covid patient outside hospital london
© REUTERS/Toby Melville/File PhotoMedical workers move a patient between ambulances outside of the Royal London Hospital in London, Britain, January 27, 2021.
Over 50% of Covid patients in England tested positive only after being hospitalised - likely for other reasons - leaked NHS data has suggested, raising questions about the true impact the virus is having on the healthcare system.

The previously hidden figures, covering all NHS trusts in England, showed that as of last week, only 44% of those classified as Covid patients had tested positive for the virus by the time they were admitted to hospital. Despite broad public testing for the disease, an incredible 56% of Covid hospitalisations involve already-admitted patients who were administered routine Covid tests, the Telegraph reported. Forty-three percent of Covid-positive patients were identified within two days of admission, while 13% were flagged in the following days and weeks.

According to the outlet, health officials were instructed last month to begin placing Covid patients into two categories: those who were in hospital primarily because of the virus, and those who were admitted for other reasons. However, the NHS has so far withheld this data from the public.

With the majority of Covid patients being diagnosed after admission - in some cases weeks later - the leaked data points to the possibility that the virus may only have a minor or negligible role in many hospitalisations blamed on coronavirus.

The leaked figures also suggest that a large number of Covid hospitalisations are the result of nosocomial transmission, meaning that healthcare facilities - rather than restaurants, stadiums, schools, or other public venues - may be driving up infections requiring medical care.

Ultimately, the NHS leak indicates that many Covid patients are actually in hospital for non-Covid reasons, especially when one considers the widespread and regular use of PCR tests, Professor Carl Heneghan, director of the Centre for Evidence-Based Medicine at the University of Oxford, told the Telegraph.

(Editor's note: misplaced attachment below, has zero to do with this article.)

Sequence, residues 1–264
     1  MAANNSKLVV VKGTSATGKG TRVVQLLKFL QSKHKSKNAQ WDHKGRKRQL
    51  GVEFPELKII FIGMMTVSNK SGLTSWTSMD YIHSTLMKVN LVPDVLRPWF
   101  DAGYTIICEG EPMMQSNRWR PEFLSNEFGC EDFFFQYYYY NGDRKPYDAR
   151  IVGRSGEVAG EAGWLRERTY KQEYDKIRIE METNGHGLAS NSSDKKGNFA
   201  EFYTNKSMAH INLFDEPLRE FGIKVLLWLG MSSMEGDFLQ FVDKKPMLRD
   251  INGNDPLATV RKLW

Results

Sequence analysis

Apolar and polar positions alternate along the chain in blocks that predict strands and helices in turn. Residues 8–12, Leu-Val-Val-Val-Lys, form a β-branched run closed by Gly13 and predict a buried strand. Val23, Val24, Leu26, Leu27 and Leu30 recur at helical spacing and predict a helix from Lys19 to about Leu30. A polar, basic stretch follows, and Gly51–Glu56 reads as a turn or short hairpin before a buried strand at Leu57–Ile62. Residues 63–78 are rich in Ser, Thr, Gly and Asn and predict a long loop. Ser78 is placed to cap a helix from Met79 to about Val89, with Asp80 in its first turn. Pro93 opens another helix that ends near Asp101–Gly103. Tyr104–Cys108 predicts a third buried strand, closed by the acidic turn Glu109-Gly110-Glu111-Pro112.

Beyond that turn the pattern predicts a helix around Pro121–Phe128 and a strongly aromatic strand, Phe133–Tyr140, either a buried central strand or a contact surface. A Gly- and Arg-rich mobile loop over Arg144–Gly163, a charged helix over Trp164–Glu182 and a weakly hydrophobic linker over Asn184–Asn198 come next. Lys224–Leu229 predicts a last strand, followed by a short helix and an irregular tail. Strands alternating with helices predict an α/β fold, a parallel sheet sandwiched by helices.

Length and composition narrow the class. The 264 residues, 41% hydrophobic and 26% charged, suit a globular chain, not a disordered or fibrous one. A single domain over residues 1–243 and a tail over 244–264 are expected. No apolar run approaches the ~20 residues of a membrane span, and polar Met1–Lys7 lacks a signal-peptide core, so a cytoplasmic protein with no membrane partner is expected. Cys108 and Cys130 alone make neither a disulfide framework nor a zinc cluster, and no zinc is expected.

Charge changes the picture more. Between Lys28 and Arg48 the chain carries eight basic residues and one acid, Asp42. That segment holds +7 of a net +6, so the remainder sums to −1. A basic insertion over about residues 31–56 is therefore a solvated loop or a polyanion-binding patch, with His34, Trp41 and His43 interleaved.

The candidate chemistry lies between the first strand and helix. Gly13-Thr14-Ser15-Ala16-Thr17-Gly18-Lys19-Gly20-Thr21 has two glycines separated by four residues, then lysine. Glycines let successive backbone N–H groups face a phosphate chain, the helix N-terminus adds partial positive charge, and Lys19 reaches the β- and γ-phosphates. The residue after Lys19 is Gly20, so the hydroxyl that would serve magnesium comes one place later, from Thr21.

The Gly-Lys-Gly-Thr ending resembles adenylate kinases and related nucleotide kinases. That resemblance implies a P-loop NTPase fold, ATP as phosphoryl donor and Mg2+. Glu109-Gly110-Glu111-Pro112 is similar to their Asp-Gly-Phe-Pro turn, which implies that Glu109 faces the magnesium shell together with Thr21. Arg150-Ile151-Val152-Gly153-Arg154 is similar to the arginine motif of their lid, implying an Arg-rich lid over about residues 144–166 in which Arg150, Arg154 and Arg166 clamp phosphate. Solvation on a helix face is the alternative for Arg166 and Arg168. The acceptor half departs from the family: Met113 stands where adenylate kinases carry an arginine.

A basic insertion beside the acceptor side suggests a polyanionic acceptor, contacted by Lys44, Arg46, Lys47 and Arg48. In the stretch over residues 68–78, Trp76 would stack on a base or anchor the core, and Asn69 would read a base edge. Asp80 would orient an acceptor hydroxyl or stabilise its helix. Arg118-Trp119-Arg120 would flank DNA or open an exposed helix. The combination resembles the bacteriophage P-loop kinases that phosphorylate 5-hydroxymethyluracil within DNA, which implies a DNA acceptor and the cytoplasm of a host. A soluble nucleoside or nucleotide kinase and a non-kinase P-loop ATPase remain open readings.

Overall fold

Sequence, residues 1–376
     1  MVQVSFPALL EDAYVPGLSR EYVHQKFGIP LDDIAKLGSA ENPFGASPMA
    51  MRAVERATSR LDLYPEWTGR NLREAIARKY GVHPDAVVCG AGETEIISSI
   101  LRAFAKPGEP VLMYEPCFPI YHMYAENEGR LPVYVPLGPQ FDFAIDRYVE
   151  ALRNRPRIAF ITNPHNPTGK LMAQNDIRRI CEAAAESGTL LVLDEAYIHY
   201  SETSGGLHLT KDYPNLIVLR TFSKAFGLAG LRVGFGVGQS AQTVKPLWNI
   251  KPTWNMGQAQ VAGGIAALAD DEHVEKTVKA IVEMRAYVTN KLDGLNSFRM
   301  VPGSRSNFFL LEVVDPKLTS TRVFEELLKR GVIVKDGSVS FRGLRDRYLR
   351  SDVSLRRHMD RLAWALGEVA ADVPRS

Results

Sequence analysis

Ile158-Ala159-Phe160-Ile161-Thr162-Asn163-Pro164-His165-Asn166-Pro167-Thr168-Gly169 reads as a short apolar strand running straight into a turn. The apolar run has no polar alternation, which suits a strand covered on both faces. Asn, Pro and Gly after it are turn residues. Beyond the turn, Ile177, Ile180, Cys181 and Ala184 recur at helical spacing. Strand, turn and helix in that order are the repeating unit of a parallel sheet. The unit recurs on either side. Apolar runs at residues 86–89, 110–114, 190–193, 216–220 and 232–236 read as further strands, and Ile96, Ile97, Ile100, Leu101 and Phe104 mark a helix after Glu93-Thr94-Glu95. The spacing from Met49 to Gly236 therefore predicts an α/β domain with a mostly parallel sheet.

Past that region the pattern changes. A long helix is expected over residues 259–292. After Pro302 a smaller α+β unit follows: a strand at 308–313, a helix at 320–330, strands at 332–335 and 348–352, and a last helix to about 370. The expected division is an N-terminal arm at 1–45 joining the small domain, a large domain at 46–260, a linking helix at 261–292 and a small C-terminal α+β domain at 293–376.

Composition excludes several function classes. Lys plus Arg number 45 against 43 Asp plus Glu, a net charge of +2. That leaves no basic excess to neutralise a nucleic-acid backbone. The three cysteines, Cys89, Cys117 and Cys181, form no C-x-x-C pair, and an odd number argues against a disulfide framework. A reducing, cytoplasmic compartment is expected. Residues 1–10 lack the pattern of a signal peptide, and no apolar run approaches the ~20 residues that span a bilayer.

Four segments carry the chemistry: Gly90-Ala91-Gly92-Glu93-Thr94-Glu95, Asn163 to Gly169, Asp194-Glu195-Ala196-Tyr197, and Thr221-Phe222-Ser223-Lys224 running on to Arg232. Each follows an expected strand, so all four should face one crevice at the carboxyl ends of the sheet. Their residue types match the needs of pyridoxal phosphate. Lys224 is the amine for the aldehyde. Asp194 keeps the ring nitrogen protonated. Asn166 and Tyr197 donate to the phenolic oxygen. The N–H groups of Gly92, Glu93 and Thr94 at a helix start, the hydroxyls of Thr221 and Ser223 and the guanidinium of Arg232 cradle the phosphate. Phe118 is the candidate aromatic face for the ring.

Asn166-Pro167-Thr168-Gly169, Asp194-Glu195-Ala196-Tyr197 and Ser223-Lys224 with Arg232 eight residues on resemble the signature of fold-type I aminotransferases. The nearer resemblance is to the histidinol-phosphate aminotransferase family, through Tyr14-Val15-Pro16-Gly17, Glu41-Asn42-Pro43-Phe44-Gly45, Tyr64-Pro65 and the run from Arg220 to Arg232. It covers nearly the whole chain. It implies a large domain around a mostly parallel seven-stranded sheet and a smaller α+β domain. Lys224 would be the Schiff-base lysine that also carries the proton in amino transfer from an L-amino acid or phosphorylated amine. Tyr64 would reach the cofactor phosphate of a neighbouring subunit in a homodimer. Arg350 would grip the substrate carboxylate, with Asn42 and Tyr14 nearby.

"When people hear about hospitalisations with Covid, they will assume that Covid is the likely cause, but this data shows something quite different - this is about Covid being detected after tests were looking for it," he said, adding that the current data being fed to the public could lead to "false conclusions" and exaggerate the virus' actual impact on the NHS.

Heneghan described the leaked figures as "incredibly important" and urged the government to stop withholding such data.

Tory MP Graham Brady issued a similar call for greater transparency, noting that even after 18 months of the health crisis, the government has failed to make detailed information about hospital admissions publicly available on a regular basis.

Brady's colleague, Conservative MP Greg Clark, said that he would write to Health Secretary Sajid Javid and urge him to be more forthcoming with hospital data. The lawmaker noted that the accuracy of such information was vital, seeing as it is used to determine "how quickly restrictions should be lifted."

He added that there is a "big distinction" between people admitted solely for Covid and those who are in hospital for something else but "have Covid in such a mild form that it was not the cause of their hospitalisation."

An NHS data expert who spoke with the Telegraph said that the government's published statistics were "despicable" because they do not provide a "true picture" of how Covid is affecting public health.

An NHS spokesperson insisted that many patients are admitted with symptoms linked to the virus, and are later confirmed Covid cases upon receiving a post-admission test. Other patients in hospital may have "presymptomatic or asymptomatic" cases, the spokesman said.

Recent news reports have been highlighting renewed pressure on the NHS, with Downing Street suggesting that the decision to lift many Covid restrictions earlier this month has led to an uptick in cases.

However, even senior health officials appear to admit that the issue cannot be blamed on Covid alone. A letter from NHS hospital trusts to the government warned that a "massive backlog" of patients in need of care, as well as a large number of medical staff ordered to self-isolate or on annual leave, was exacerbating the crisis. In April it was reported that 4.7 million were waiting for operations and procedures in England, after the NHS stopped offering routine care in order to focus on Covid patients.